It was just that old Kohl Center magic. Wisconsin took down No. 3 Michigan in Madison on Saturday -- as Wisconsin has every time it has faced Michigan in Madison this millennium -- 65-62, in overtime, behind a half-court buzzer beater from Ben Brust. No matter how well Michigan played, Wisconsin found itself in the game.
The Wolverines blew somewhere around seven uncontested layups. Mitch McGary missed a wide-open layup after a Traevon Jackson turnover with 2:01 to go in overtime. Michigan would have taken a 64-62 lead. Trey Burke missed a layup with 2:31 to go in regulation. Michigan would have taken a 57-54 lead. He missed another one just 83 seconds earlier. Michigan would have taken a 57-52 lead. These are not shots either McGary or Burke miss. Any one of them could have won the game for the Wolverines.
That old Kohl Center magic? It seems like teams always find a way to miss those layups at the Kohl Center. But John Beilein doesn't believe in magic:
"It has nothing to do with being here. Nothing to do with it. Some days you just miss layups. They're not going in there saying, 'Oh, it's the Kohl Center, I can't make a layup.' There's not a science to this. Sometimes they miss them."
Beilein used the word "science," not "magic," but both are often used to describe those things for which we lack explanation. Like so many things in sports, we lack a satisfying explanation for the missed layups by McGary and Burke. Ben Brust's 45-footer defies explanation. We acknowledge there is no science to these things, and so we're left with writers asking coaches about magic at post-game press conferences.
Unsurprisingly, Bo Ryan was presented with the same question come his turn at the podium. Ryan tells a lot of stories at his press conferences. He talks about his extensive coaching history, old games, old players. Occasionally, he even talks about his own playing days, as he did to answer the "magic" question.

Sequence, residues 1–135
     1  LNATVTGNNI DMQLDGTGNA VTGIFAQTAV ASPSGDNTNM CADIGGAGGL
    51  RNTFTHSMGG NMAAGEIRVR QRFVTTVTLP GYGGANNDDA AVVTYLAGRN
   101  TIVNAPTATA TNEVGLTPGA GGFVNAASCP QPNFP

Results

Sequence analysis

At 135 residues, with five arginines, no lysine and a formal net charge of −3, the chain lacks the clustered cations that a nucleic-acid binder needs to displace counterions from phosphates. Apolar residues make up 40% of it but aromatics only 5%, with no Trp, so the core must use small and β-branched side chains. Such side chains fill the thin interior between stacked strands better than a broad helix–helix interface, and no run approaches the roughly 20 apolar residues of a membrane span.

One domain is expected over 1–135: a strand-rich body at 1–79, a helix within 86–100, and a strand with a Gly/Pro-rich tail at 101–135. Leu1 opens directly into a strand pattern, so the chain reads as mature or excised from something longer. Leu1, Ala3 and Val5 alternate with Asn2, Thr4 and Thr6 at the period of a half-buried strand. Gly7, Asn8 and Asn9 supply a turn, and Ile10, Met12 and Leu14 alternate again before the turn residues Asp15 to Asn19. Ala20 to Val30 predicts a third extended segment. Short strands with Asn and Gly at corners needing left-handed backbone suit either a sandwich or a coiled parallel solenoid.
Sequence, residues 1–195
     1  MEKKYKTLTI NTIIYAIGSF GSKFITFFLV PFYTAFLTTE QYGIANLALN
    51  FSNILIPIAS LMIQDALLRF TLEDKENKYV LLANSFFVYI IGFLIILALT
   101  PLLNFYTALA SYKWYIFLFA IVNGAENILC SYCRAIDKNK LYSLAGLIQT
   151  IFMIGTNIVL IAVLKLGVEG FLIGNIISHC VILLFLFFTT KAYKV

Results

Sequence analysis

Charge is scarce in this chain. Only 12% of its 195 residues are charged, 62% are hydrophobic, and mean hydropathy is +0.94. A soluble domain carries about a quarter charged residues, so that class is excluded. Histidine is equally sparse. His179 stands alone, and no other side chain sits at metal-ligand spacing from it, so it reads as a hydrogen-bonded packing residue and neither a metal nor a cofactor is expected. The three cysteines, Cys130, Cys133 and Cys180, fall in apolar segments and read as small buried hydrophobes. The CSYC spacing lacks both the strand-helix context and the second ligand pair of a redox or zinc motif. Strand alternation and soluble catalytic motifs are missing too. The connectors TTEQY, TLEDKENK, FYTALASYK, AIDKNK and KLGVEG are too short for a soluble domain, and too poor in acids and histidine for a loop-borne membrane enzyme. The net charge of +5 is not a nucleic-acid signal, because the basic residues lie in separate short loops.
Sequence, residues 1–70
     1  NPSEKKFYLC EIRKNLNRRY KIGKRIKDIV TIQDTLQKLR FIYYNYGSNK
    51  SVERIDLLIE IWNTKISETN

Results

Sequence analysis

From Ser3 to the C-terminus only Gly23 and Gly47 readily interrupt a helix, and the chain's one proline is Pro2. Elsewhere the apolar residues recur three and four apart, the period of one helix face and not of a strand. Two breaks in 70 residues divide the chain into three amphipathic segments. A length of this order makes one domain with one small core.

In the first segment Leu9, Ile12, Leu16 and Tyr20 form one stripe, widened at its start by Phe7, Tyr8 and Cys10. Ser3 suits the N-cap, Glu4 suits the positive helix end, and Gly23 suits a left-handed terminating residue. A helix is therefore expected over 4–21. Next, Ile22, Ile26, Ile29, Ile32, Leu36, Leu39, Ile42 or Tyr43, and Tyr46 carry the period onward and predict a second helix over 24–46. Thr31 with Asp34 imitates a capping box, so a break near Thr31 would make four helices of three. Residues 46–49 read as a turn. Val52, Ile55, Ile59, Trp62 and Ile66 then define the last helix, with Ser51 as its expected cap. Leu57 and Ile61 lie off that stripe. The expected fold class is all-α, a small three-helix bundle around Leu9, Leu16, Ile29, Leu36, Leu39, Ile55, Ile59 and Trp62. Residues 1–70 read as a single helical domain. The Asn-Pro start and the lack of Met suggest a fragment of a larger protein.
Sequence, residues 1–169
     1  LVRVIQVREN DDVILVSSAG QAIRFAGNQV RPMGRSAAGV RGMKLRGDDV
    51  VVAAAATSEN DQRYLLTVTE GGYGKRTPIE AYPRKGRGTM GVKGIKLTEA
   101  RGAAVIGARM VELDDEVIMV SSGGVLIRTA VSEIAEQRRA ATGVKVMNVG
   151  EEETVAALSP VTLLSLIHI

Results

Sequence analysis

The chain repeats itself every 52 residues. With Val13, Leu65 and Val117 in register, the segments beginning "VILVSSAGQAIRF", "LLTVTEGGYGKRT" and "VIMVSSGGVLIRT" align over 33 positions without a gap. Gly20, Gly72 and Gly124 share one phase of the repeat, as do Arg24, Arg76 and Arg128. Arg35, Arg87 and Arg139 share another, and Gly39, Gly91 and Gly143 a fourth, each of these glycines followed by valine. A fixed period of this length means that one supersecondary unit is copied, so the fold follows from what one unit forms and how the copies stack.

"I was 14 years old. [My high school basketball] coach Rainey brought me up to the varsity my first game. I'm at Swarthmore College. I hit a basket from the top of the key. My first high school basket, banked in, from the top of the key. He goes to the scorer's table and in the loudest voice you can imagine and is screaming 'You can't count that! You can't count that! He didn't call the bank shot!'
So that's my indoctrination into basketball, high school level and up. My own coach trying to take a basket away from me. So, I've kind of developed some thick skin, when you say 'magic.' Sometimes it goes the other way, too. You take them when you get them and when you don't, you learn from it. John had his guys ready. They knew what to do at the end. Our guy hit a tough shot. Ben Brust hit a tough shot."
In all this talk about magic, we sometimes forget what we actually watch on the court. These players, even at the amateur level, devote their lives -- hours upon hours, weeks upon weeks, often back to their elementary school days -- perfecting a craft. We see 40 minutes of it -- 45 minutes on Saturday -- at a time, and the rest stays behind the scenes.
As Ryan reminded us, many Badger fans have seen the Ben Brust play before. It was the 2005 Big Ten Tournament against Iowa. Zach Morley was in Mike Bruesewitz spot as the passer. Alando Tucker was in Brust's spot as the receiver on the inbounds.
Tucker, unlike Brust, had time to dribble and turn it into a nearly normal three-point shot, but the concept is the same. Brust and Tucker both ran to the spot vacated by a defender trying to guard the play's first option, both were hit with a perfect pass in stride, and both made the best possible shot out of the bleak situation.
This is a play, as Ryan reminded us, the Badgers practice, and practice, and practice some more. KenPom.com said the Badgers have a 1.2 percent chance of winning. ESPN pulled a stat that said NBA players have made just over one percent of shots from 40 feet out with one second to go, like Brust's shot Saturday. Maybe the Badgers' well-designed play, repetitions in practice and Brust's shooting ability boosted their odds to two percent, three percent, even four or five percent.
A 1.2 percent chance hits 12 out of every 1,000 times. I knew that, in the back of my mind, when Brust's shot swished through. I know that now, even as I ride the high of the game over 24 hours later. It feels magic, as much as anything can feel magic.
But it isn't magic. Bo Ryan drew up a great play. Mike Bruesewitz made a great pass. Ben Brust hit a great shot. Magic suggests these moments of greatness come from somewhere other than within the athletes. Magic diminishes their work and diminishes their talent.
Ryan paused for a few seconds as he finished up the story of his banked-in shot.
Then he said, "They did count the basket, by the way."